On the weekend I was at a party and the weird subject of disposing of a cremated loved ones ashes came up -only at a good party can such subjects come up- and I told the whole hilarious and profound story of disposing of my mother’s ashes that had everyone engaged. I realized I could not have done that if I had not written a blog post about it a number of years ago called, The Mystery of Mom. That’s when it hit me that I had not blogged for a very long time. I went from about once a month to every three months to every six months and now once a year.

On the upside I have a new book I have finished a first draft of, The Happy Hammock (I am still seeking beta readers if you are interested in reading the first draft – please contact me). However, some of the chapters of the book-which is about our misadventures and wacky community in our small Mexican town-are taken from some of my blogs, albeit expanded and sweetened. So how could I stop doing this important exercise? On the one hand, I am still writing, perhaps more than ever, but on the other hand I am not sharing enough. My last blog statistics were horrendous. This is not good for my marketing efforts which let’s face it are more haphazard than I care to admit.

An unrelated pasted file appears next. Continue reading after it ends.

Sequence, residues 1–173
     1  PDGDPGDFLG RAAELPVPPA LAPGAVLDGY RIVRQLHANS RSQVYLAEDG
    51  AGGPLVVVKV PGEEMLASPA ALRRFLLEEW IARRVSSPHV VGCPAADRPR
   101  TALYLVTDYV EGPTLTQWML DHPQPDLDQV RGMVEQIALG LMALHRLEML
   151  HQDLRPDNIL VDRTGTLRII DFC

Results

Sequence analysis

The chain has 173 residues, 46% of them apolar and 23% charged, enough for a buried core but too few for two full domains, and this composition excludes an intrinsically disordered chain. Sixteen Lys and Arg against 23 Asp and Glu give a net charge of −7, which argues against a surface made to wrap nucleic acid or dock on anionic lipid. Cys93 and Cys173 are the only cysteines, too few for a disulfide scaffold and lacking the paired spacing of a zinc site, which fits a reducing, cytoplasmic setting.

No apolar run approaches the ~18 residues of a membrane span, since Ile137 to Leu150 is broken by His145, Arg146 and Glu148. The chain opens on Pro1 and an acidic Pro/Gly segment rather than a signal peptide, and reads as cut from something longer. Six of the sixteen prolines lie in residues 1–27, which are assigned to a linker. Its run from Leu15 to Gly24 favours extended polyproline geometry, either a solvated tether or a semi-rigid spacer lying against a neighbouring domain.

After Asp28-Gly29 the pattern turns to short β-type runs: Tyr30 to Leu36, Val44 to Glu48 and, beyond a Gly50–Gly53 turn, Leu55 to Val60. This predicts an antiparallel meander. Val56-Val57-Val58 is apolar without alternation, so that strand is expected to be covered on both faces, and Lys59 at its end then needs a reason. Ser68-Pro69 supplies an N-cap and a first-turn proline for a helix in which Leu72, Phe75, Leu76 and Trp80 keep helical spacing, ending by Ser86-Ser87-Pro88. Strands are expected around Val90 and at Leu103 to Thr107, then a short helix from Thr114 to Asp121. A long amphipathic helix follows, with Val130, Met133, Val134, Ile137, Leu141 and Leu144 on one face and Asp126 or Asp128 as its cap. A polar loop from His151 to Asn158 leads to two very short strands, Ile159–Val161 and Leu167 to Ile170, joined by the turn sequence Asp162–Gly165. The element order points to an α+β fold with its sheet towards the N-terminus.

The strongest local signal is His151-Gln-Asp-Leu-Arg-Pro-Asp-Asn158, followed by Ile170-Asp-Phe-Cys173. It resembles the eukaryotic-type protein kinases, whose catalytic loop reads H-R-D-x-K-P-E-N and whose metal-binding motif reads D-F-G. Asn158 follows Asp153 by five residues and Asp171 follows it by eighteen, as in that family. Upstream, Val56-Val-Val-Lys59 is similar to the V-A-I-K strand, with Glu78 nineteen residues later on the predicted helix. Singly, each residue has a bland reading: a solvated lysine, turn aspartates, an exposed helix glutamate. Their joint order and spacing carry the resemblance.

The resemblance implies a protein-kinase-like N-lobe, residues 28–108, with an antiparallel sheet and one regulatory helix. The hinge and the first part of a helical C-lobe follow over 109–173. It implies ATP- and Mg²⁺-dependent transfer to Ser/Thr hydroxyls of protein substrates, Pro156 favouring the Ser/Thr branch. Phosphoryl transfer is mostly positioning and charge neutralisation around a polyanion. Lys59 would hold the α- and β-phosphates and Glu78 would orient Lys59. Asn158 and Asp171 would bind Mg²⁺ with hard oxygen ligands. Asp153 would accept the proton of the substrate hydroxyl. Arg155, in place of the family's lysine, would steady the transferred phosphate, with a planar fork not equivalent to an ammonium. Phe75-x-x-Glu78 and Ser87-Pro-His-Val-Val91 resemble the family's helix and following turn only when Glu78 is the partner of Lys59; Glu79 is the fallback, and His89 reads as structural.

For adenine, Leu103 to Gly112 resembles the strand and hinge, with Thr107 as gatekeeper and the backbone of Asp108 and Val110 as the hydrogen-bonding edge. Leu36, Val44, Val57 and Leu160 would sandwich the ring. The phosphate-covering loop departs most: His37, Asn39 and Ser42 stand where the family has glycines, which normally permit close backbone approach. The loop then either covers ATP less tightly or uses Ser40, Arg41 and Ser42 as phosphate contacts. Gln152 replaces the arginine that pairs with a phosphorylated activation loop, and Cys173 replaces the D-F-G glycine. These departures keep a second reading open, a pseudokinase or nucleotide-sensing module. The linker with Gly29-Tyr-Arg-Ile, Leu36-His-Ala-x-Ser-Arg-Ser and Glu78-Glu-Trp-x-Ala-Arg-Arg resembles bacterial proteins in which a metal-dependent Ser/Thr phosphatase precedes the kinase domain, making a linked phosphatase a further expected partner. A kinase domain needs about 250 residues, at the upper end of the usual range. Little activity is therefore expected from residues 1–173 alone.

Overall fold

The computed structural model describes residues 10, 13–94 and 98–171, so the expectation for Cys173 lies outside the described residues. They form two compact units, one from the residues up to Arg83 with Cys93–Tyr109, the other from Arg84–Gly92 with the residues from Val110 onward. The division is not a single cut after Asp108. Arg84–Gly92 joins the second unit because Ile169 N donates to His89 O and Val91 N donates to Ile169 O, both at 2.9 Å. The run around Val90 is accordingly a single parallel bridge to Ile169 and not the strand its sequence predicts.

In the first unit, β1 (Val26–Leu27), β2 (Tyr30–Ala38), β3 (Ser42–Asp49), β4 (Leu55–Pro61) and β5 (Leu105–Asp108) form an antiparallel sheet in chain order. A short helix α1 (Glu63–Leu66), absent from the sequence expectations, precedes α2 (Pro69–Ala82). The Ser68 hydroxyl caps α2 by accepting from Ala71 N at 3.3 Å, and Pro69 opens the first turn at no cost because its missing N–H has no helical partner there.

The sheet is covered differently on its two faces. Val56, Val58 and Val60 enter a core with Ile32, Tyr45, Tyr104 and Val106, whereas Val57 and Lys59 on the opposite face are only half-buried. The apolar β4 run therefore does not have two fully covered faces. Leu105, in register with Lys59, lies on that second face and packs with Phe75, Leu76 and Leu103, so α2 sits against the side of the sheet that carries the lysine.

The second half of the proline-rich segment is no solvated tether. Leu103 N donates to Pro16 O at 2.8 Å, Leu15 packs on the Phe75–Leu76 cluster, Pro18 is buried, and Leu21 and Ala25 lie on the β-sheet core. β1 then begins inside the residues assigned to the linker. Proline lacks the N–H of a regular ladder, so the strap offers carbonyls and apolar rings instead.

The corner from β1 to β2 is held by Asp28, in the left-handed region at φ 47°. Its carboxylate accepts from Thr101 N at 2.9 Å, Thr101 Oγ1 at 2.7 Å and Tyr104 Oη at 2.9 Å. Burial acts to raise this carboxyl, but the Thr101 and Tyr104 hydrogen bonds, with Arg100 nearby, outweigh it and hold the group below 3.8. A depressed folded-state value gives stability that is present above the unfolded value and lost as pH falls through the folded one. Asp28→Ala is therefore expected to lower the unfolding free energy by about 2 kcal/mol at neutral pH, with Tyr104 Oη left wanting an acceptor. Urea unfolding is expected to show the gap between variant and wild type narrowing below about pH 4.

As a writing teacher/coach my students have heard me said that after teaching writing for about ten years I figured out that I wasn’t really teaching people to write. Sure I gave them the technical tools in story structure and dialogue and all of that, but what I figured out I was really doing was empowering them to share their writing. That is the scary part. That is the part that holds people back. So, my friends, under that wisdom I can’t argue with because it is my own, I say today I am blogging for blog’s sake. I am not even doing it on a separate Word doc first. I am putting it direct into WordPress as I think it. I am live.

to-blog-or-not-to-blog

I know I am not all that crazy and carefree an artist however because I noticed that I am hitting the “save draft” button fairly regularly. The point is I haven’t been inspired to blog (remember the two unfinished draft ideas) but I am doing it anyway. Hoping something good will come of this pondering.

Pondering is great for the ponderer but can be boring to read, you maybe have to switch it up. So here goes. A scene between two writers talking: